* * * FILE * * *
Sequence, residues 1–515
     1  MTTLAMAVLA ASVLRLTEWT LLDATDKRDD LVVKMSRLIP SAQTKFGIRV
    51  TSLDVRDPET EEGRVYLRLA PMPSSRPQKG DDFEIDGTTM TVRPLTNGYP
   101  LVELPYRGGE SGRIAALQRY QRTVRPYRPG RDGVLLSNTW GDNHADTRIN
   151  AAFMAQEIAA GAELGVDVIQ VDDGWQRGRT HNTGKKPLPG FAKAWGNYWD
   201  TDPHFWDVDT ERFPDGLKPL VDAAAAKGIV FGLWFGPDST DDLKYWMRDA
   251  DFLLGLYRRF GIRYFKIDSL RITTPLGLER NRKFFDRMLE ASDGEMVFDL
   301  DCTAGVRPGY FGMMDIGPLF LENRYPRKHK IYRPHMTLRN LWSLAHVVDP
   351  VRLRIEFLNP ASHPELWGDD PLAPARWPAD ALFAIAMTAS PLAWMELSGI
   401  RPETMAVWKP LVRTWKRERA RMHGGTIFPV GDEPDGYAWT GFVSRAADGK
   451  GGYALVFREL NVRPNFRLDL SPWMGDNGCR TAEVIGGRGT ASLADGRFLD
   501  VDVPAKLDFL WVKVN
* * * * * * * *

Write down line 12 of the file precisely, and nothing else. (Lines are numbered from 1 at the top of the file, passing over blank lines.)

   501  VDVPAKLDFL WVKVN